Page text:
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Pathophysiology of hypercortisolism in depression

Authors

  • B. J. Carroll,

    1. Pacific Behavioral Research Foundation, Carmel, CA
    2. Department of Psychiatry and Behavioral Sciences, Duke University Medical Center, Durham, NC
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  • F. Cassidy,

    1. Department of Psychiatry and Behavioral Sciences, Duke University Medical Center, Durham, NC
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  • D. Naftolowitz,

    1. Department of Psychiatry and Behavioral Sciences, Duke University Medical Center, Durham, NC
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  • N. E. Tatham,

    1. Department of Psychiatry and Behavioral Sciences, Duke University Medical Center, Durham, NC
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  • W. H. Wilson,

    1. Department of Psychiatry and Behavioral Sciences, Duke University Medical Center, Durham, NC
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  • A. Iranmanesh,

    1. Endocrine Section, Medical Service, Salem Veterans Affairs Medical Center, Salem, VA
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  • P. Y. Liu,

    1. Endocrine Research Unit, Mayo Medical and Graduate School of Medicine, General Clinical Research Center, Mayo Clinic, Rochester, MN, USA Prof. Cassidy has received funding from Concept, Organor and Pfizer. All remaining authors declare no conflict of interests.
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  • J. D. Veldhuis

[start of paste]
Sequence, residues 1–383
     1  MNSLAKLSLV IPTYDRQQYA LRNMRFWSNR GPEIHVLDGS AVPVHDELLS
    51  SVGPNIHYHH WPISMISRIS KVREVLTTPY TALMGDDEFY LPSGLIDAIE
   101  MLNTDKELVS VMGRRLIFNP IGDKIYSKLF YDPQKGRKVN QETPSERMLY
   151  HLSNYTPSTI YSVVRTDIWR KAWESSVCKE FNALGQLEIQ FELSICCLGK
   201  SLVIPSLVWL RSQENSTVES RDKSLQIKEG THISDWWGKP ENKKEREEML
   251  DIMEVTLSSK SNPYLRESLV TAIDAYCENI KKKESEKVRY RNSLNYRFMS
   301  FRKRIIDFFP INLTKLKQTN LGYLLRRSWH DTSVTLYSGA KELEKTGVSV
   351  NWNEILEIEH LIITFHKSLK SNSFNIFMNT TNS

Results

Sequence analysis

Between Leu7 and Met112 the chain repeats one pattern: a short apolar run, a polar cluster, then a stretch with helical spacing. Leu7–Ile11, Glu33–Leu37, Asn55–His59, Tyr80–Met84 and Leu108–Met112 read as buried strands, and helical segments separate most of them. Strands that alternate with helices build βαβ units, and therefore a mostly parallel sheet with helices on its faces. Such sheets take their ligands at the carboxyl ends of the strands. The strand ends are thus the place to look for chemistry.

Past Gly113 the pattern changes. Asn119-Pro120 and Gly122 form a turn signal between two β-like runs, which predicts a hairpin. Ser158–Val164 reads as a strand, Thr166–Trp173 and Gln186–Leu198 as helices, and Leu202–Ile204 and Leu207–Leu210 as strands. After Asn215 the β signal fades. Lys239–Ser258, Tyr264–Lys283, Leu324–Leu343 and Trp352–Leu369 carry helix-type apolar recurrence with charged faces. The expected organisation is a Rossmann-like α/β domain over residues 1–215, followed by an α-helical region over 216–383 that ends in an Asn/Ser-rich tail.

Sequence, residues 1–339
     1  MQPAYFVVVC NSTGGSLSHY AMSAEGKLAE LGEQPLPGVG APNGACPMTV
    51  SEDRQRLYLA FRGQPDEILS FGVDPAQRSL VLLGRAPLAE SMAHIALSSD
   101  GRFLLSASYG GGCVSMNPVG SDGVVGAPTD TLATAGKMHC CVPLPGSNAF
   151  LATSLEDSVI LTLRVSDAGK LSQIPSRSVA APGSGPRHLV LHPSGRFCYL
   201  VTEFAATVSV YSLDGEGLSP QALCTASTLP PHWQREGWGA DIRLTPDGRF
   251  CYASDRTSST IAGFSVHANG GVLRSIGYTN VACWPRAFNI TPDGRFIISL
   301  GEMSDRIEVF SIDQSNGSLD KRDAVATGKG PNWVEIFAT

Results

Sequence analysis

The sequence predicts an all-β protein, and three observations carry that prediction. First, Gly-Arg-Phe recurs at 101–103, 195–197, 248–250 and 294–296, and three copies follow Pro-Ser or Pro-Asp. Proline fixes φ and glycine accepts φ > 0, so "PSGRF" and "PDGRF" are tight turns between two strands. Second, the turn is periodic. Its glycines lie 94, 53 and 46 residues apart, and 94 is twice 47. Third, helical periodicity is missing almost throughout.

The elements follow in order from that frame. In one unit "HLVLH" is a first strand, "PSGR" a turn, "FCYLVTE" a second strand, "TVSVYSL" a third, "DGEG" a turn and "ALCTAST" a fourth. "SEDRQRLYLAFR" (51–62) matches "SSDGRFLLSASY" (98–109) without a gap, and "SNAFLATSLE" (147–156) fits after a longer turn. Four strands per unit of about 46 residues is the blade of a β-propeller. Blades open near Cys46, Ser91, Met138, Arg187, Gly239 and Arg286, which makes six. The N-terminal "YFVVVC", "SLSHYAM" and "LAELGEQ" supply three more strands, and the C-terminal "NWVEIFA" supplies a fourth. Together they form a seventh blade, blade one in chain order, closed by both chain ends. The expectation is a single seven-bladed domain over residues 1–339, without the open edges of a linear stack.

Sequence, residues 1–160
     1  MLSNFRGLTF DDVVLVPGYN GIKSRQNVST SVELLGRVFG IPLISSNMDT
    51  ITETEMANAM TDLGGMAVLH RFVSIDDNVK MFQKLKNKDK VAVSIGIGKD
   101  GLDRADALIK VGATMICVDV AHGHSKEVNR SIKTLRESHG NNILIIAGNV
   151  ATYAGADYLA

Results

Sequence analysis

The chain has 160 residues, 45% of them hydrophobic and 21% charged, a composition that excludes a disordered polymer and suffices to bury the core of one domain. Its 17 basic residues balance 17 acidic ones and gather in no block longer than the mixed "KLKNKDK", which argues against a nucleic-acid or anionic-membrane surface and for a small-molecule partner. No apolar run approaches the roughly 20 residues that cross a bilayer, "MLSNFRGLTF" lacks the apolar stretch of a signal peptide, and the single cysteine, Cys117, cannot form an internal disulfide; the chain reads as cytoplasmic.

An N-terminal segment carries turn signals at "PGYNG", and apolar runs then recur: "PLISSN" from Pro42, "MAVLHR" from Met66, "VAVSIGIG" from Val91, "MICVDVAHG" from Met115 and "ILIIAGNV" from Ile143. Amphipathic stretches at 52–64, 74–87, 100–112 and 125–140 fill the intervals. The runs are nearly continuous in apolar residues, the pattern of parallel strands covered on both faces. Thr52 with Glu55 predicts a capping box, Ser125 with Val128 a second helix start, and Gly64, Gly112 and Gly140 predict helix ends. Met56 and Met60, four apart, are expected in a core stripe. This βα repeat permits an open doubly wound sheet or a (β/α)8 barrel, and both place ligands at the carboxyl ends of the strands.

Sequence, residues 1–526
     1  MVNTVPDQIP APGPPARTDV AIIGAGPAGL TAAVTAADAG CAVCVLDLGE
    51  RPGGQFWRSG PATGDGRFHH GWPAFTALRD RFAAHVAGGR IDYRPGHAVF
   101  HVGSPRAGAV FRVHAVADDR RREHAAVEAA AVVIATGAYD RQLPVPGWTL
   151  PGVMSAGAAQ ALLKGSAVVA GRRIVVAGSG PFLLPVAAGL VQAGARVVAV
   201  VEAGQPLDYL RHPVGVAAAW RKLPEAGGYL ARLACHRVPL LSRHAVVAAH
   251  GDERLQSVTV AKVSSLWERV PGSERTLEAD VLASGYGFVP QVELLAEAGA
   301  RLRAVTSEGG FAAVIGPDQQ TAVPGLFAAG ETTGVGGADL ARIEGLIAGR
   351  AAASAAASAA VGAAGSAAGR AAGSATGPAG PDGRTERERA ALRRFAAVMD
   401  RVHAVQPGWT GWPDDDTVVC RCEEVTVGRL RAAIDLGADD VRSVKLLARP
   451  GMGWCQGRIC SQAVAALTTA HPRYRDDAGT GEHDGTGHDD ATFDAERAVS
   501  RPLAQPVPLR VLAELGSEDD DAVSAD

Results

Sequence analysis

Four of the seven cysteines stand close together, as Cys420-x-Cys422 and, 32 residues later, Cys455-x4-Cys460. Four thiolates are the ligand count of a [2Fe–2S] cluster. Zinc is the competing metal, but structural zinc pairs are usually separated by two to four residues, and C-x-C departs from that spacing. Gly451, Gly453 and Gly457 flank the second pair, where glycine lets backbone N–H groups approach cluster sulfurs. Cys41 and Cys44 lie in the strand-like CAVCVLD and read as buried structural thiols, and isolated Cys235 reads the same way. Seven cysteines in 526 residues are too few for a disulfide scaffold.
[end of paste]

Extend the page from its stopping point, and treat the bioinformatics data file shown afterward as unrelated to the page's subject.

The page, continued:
1. Endocrine Research Unit, Mayo Medical and Graduate School of Medicine, General Clinical Research Center, Mayo Clinic, Rochester, MN, USA Prof. Cassidy has received funding from Concept, Organor and Pfizer. All remaining authors declare no conflict of interests.
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  • Presented at the Conference: ‘Melancholia: Beyond DSM, Beyond Neurotransmitters’, May 2–4, 2006, Copenhagen, Denmark.

Bernard J. Carroll, P.O. Box 223040, Carmel, CA 93922-3040, USA.
E-mail: bcarroll@redshift.com

Abstract

Objective:  The mechanisms mediating hypercortisolemia in depression remain controversial. Adopting the biomarker strategy, we studied adrenocorticotropin (ACTH) and cortisol dynamics in hypercortisolemic and non-hypercortisolemic depressed in-patients, and in normal volunteers.

Method:  Deconvolution analysis of 24-h pulsatile secretion, approximate entropy (ApEn) estimation of secretory regularity, cross-ApEn quantitation of forward and reverse ACTH–cortisol synchrony, and cosine regression of 24-h rhythmicity.

Results:  Hypercortisolemia was strongly associated with melancholic and psychotic depressive subtypes. Hypercortisolemic patients had elevated ACTH and cortisol secretion, mediated chiefly by increased burst masses. Basal ACTH secretion was increased, ACTH half-life was reduced, and mean 24-h ACTH concentration was normal. Cortisol secretion was increased in a highly irregular pattern (high ApEn), with high ACTH → cortisol cross-ApEn (impaired feedforward coupling). Cortisol-mediated feedback on the secretory pattern of ACTH was normal. Hypercortisolemic depressed patients had normal programming of the central hypothalamo–pituitary–adrenal (HPA) axis pulse generator: ACTH pulse frequency, cortisol pulse frequency, circadian acrophases, and ApEn of ACTH secretion were normal. Responsiveness of the adrenal cortex to endogenous ACTH was normal. Non-hypercortisolemic patients resembled hypercortisolemic patients on ACTH regulatory parameters but had low total cortisol secretion.

Conclusion:  Increased ACTH secretion occurs in depressed in-patients regardless of cortisolemic status, confirming central HPA axis overdrive in severe depression. Depressive hypercortisolemia results from an additional change in the adrenal cortex that causes ACTH-independent, disorderly basal cortisol release, a sign of physiological stress in melancholic/psychotic depression.

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